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Hospitals in Las Vegas pausing elective surgery as COVID-19 cases surge

Posted at 8:02 PM, Aug 11, 2021
and last updated 2021-08-12 11:04:14-04

LAS VEGAS (KTNV) — The resurgence of COVID-19 has taken a toll on much more than just patients, hospitals have taken a hit once again and have changed their operating procedures to accommodate more patients.

Since the beginning of this year hospitals in Las Vegas have been playing a game of catch-up because of the pandemic. Medical professionals say they are doing everything they can to make sure they avoid delaying their patients’ medical procedures.

RELATED: Las Vegas doctors place hope in Monoclonal Antibody Treatment to help fight COVID-19

Front-line workers have prepared for what they call the next big wave of coronavirus.

Dr. Steven Merta, chief medical officer at Sunrise Hospital and Medical Center, said they are noticing a rapid growth in COVID-19 cases across the valley, resulting in a larger number of patients and hospitalizations.

RELATED: Las Vegas valley hospitals see influx in COVID-19 cases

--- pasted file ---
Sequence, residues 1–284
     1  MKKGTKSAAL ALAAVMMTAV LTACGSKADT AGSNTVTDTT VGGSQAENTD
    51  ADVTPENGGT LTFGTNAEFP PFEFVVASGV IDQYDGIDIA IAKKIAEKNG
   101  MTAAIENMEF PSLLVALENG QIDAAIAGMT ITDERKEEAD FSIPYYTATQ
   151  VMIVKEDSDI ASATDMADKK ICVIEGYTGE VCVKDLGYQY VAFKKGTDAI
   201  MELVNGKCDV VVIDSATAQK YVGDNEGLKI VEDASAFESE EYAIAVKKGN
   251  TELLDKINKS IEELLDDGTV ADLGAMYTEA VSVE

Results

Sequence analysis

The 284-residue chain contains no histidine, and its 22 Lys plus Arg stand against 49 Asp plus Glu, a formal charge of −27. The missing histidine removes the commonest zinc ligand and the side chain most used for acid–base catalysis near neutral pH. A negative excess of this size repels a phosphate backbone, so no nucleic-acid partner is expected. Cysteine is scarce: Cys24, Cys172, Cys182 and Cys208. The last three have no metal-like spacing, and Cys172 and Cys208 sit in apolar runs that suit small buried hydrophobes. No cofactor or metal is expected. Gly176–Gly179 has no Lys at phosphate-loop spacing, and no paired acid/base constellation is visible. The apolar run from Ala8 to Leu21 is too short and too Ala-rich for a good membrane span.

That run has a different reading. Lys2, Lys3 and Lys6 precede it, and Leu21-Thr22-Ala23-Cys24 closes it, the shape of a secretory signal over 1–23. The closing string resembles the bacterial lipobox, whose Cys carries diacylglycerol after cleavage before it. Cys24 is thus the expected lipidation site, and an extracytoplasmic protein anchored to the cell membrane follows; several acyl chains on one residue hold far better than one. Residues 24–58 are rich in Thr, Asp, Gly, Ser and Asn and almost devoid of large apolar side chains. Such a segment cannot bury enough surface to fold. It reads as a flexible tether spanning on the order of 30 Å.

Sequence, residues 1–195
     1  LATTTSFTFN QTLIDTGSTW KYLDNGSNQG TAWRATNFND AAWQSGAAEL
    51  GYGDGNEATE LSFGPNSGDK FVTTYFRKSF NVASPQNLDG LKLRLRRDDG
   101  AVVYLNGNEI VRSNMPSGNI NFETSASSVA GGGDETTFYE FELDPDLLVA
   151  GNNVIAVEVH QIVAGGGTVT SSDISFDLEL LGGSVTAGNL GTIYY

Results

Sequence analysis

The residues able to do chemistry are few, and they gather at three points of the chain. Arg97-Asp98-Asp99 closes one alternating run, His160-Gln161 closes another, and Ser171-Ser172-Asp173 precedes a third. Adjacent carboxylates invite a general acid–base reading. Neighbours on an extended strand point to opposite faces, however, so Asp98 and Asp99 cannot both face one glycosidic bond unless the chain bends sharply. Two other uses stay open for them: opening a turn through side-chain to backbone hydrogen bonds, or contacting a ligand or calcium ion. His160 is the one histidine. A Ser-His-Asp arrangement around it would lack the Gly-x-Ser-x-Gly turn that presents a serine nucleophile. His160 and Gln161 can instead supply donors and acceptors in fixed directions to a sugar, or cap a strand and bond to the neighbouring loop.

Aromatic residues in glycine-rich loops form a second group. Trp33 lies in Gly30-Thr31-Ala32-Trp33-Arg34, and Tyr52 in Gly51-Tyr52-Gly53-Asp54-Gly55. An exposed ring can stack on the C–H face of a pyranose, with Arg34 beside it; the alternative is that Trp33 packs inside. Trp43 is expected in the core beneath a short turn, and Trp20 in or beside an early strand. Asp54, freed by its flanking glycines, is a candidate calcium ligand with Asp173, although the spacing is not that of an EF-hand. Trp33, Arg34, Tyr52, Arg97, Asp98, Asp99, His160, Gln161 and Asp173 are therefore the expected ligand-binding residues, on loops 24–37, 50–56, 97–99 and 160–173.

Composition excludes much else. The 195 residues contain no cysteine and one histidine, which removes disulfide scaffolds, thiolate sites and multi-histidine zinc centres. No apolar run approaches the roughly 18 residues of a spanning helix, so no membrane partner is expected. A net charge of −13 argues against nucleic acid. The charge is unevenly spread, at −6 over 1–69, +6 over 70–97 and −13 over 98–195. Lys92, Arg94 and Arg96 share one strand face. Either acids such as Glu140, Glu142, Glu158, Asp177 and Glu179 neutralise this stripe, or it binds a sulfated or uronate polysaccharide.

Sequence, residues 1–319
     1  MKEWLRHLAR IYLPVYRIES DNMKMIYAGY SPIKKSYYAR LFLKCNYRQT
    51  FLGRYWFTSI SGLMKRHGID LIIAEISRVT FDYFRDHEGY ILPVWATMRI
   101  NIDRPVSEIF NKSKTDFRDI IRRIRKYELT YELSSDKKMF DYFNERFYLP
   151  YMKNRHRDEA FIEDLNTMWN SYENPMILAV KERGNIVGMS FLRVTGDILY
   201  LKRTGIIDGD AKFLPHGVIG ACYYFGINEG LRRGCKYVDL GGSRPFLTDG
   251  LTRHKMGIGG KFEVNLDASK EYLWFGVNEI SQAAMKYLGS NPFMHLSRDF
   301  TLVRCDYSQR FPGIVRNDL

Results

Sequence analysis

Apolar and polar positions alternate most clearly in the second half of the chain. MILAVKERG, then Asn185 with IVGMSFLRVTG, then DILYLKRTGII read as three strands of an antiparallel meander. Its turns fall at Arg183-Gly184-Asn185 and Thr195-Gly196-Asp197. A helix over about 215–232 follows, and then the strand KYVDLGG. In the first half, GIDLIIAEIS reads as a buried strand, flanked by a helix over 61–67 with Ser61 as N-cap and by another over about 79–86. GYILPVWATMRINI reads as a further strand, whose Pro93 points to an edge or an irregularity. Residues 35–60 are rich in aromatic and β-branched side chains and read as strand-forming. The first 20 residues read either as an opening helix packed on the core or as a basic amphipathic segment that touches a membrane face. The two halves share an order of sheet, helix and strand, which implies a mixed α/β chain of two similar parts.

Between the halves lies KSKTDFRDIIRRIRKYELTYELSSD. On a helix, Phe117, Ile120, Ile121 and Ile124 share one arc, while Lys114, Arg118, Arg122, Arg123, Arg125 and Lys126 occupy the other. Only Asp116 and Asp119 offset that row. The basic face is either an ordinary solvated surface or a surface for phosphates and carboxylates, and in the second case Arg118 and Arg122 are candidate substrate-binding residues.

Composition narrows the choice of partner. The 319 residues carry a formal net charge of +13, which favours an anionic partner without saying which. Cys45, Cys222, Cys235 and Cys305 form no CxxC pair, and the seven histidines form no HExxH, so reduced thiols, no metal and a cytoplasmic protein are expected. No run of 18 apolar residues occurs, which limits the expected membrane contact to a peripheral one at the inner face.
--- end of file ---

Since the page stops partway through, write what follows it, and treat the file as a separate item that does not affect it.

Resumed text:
Dr. Merta said they have had to put a pause on adult inpatient elective surgeries at their location.

“It has allowed us to cut down a few of our surgeries to allow us to continue to take care of all those emergent cases, all those important cases that come thru the er, so that we are still here for the community and provide the care that they need,” said Dr. Merta.

He said halting or postponing elective procedures is all about priorities. Merta said they have made it a priority to make sure there’s still room for cancer surgeries and other critical procedures.

“I hope that every hospital looks at each case individually and any of those cancer cases that by delaying will allow the disease to progress should move forward,” explained Dr. Merta.

He said around March they struggled to keep up with testing and getting PPE. Currently, they have faced another obstacle because of this health crisis.

“Our biggest constraint is staffing, finding those nurses who have decided to continue to care for our patients, not decided to retire, not decided to change their careers,” said Dr. Merta.

Merta said it was not necessary for our hospitals to get to this point.

“We could have prevented this surge had we been more astute in getting our information and education and dispel all the myths and information that is not correct,” Merta stated.

He said the most effective way to prevent hospitalizations is by getting vaccinated. Sunrise Hospital and Medical Center are also providing Monoclonal Antibody Treatment to COVID-19 patients to help them fight the virus and prevent them from coming inside their hospital.